Community right of appeal called for

A new powerful alliance of CPRE, Civic Voice and the National Association of Local Councils (NALC), has called on all political parties to make a firm manifesto commitment to introduce a “community right of appeal” into the planning system.

The alliance believes that all political parties should support local ambitions by introducing a limited community right of appeal in areas where a development is non-compliant with a neighbourhood plan or local plan.

Currently parish councils and other community groups have the power to produce neighbourhood plans, but no scope to stop developers overriding this by putting in speculative planning applications for approval by the district council.

Farthingloe, photo by Vicky Ellis

Farthingloe, photo by Vicky Ellis

 

In Kent there have been many examples of this including:

  • Land at Cockering Road, Thanington (Canterbury): Environmental Impact Assessment (EIA) scoping request for 850 dwellings – application expected;
  • Western Heights/Farthingloe (Dover): 521 dwellings and 90 dwelling retirement village in the Kent Downs Area of Outstanding Natural Beauty – approved;
  • Discovery Park (Dover): 500 dwellings – approved;
  • Land at Gibraltar Farm, Capstone Valley (Medway): 450 dwellings – pending decision;
  • Land at Lady Dane Farm, Love Lane, Faversham (Swale): 196 dwellings – approved;
  • Land off Swanstree Avenue, Sittingbourne (Swale): 580 dwellings – pending decision;
  • Land at Pond Farm, Newington (Swale): EIA scoping request for 300 dwellings – application expected;
  • Westwood Cross (Thanet): 550 dwellings on designated employment land – refused but allowed on appeal; and
  • Kings Hill (Tonbridge and Malling): 635 dwellings on designated employment land – approved.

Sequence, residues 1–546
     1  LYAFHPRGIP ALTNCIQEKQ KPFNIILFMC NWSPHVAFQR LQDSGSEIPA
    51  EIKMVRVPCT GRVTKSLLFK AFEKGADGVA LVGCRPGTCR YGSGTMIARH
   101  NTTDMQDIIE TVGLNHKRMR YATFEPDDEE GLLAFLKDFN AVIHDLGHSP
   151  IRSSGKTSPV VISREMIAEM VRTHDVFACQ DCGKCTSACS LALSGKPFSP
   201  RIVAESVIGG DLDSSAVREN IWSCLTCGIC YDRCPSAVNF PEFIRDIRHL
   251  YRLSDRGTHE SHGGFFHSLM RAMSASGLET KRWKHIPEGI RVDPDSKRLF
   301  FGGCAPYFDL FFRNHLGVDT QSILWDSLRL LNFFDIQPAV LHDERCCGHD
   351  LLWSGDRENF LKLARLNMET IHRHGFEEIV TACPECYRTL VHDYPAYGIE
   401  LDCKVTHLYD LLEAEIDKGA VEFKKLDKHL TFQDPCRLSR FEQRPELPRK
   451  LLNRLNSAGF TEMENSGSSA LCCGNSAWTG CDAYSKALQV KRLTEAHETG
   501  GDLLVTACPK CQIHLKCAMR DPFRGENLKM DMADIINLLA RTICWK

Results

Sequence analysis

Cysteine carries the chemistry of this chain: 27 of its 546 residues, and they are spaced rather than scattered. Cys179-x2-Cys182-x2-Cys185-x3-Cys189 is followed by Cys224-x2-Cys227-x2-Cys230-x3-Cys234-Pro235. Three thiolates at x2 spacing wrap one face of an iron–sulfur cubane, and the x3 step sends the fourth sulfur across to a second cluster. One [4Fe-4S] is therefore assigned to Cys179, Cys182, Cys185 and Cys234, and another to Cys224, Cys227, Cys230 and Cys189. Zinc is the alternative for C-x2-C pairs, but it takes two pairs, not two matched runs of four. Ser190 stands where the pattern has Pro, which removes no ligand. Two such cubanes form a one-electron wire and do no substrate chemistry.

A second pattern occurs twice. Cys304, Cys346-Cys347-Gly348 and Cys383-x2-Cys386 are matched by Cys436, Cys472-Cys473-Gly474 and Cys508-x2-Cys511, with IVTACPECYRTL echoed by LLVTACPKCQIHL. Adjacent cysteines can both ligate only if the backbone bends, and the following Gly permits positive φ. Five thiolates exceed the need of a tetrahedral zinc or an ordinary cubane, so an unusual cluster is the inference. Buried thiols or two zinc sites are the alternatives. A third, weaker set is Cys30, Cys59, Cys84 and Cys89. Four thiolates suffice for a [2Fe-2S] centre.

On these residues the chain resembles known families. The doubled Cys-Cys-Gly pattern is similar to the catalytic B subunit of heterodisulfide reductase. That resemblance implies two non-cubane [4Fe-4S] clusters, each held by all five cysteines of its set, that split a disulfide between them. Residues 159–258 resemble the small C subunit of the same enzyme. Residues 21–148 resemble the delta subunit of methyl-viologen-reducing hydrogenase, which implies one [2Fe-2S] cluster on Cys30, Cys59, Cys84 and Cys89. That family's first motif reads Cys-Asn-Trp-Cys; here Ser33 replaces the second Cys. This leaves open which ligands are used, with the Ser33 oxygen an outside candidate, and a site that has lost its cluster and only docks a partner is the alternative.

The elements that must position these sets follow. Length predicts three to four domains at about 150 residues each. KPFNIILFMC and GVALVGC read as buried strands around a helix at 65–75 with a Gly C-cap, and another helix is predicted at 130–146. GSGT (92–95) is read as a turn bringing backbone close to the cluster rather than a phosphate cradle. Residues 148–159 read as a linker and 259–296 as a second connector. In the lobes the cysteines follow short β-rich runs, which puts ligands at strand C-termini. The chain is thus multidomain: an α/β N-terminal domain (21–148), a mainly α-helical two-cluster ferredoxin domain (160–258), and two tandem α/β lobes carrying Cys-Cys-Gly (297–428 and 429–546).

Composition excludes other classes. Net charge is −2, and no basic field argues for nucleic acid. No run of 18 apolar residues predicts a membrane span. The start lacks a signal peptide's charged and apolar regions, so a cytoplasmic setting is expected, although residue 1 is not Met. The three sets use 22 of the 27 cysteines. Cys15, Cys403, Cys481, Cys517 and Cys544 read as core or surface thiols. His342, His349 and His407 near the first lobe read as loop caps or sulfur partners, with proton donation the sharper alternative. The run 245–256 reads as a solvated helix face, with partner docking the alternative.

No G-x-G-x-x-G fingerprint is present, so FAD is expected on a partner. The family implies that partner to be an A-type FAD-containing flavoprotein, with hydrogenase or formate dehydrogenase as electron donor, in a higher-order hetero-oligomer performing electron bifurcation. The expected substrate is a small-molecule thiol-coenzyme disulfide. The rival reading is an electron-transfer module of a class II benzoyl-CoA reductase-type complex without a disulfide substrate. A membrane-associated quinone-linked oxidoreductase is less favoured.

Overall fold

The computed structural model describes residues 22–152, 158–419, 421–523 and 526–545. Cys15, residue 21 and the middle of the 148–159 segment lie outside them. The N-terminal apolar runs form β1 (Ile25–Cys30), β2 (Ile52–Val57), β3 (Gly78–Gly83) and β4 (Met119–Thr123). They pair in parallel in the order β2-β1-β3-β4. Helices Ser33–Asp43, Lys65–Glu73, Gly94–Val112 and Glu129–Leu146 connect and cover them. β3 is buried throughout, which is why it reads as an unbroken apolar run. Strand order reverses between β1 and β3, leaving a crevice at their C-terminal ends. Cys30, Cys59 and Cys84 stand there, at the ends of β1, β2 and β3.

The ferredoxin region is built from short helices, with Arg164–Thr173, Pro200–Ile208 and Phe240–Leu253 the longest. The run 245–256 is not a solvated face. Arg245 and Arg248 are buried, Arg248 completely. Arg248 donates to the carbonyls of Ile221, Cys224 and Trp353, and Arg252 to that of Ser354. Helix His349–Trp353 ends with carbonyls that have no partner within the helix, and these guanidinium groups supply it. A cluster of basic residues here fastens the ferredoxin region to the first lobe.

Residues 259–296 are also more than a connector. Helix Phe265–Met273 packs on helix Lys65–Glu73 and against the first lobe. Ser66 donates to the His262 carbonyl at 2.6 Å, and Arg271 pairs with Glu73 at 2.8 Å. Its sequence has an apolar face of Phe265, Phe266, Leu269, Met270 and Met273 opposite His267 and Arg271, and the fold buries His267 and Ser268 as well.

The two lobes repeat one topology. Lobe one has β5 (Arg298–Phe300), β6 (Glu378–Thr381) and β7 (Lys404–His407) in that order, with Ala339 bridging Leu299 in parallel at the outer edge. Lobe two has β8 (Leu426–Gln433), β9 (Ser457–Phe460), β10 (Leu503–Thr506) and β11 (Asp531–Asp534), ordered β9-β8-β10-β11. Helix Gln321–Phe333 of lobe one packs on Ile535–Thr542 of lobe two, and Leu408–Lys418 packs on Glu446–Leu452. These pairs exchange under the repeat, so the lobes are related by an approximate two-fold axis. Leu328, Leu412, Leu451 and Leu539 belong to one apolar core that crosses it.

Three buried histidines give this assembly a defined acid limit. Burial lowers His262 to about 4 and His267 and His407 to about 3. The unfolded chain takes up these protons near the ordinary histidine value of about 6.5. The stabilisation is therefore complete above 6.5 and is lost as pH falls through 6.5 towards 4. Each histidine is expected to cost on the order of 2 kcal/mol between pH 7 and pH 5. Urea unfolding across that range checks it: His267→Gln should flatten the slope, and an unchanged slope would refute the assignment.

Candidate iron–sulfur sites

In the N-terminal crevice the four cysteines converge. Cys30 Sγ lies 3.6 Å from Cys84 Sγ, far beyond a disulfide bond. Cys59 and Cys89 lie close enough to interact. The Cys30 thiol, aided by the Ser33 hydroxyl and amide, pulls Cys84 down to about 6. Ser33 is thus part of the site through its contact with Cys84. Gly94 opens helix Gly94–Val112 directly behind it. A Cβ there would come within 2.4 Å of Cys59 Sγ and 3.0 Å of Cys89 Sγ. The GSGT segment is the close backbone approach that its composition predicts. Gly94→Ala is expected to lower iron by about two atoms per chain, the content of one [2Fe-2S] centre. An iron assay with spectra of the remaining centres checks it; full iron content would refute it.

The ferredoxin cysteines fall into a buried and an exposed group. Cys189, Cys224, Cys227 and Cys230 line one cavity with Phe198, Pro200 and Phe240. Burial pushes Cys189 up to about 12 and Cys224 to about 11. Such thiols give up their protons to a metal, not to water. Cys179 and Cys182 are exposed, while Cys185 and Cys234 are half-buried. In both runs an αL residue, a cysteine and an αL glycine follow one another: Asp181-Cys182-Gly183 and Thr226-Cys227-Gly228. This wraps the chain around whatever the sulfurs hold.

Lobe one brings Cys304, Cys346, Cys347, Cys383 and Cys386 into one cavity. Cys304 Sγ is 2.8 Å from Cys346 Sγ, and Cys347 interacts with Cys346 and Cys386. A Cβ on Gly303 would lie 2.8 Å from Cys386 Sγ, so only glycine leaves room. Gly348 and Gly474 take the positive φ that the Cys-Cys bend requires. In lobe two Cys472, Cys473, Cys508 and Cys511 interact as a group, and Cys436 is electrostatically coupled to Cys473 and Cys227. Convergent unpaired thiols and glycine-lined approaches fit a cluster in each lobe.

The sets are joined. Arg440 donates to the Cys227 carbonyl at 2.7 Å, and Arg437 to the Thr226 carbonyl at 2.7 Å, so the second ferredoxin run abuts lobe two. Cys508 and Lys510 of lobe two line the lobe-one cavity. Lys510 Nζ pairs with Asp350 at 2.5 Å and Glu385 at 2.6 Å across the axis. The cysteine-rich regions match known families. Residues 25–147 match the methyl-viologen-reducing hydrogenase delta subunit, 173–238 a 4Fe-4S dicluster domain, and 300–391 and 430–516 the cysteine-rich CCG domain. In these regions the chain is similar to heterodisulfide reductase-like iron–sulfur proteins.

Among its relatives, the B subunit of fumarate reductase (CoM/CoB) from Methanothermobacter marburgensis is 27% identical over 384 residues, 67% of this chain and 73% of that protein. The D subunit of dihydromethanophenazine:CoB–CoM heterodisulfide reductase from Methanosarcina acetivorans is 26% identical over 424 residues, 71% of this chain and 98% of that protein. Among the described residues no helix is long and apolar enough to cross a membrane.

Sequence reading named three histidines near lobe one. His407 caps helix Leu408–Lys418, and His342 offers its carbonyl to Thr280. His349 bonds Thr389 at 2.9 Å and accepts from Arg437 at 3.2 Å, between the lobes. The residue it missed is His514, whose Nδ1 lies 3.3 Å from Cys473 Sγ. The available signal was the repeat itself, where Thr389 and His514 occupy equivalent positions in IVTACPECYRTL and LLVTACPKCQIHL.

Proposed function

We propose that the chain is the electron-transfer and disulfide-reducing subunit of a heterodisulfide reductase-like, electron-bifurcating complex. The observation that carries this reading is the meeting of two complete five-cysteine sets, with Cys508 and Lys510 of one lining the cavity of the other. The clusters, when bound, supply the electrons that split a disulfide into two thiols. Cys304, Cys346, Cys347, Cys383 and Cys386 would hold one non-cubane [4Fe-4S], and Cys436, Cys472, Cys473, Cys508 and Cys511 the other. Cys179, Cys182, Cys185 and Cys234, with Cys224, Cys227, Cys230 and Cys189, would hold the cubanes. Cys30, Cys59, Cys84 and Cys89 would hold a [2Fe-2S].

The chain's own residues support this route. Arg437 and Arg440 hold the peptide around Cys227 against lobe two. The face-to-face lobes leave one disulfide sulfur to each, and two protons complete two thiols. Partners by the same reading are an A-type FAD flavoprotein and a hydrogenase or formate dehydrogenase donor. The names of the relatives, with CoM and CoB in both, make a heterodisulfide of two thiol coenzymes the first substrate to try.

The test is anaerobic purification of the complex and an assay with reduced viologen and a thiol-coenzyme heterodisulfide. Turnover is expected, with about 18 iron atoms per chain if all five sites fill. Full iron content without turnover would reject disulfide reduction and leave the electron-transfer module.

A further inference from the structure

CPRE Kent Director Hilary Newport said: “Altogether these proposals amount to over 5,600 dwellings in addition to those included in adopted plans – about the same number of houses planned for the whole of Tunbridge Wells Borough to 2026. This is a significant amount of development coming forward outside of the plan making process with no right of appeal from the communities affected. The voice of local people through the local (town and parish) councils should always be at the heart of planning.”

Discovery park, photo by Vicky Ellis

Discovery park, photo by Vicky Ellis

The call for the community right of appeal was made on Sunday (15th) at the Liberal Democrat Spring Conference where the three organisations joined together with Liberal Democrat MP for Cheltenham, Martin Horwood MP to hold a debate on the benefits of such a right.

Martin Horwood said: “The introduction of a Community Right of Appeal could be triggered when a high threshold of community opposition was reached. Grounds for appeal could include insufficient infrastructure, non-compliance with government guidance and non-compliance with a local neighbourhood plan.”

CPRE Chief Executive Shaun Spiers said: “The planning system needs to be rebalanced to give communities the right to stand up to bullying developers and appeal against planning decisions which ignore local or neighbourhood plans. The grounds on which developers can appeal should be restricted and a limited community right of appeal introduced. The vast majority of planning applications would be unaffected by such measures, but they would provide important safeguards to ensure communities can resist unsustainable development proposals.”

Freddie Gick, Chair of Civic Voice said: “At present, the only recourse for the public against poor planning decisions is judicial review. A right of appeal would give local people a real opportunity to have a say and would rebalance the planning system and help deliver true localism”.

The three organisations have published their own individual manifestos and are each calling for a community right of appeal within them.

17th March 2015

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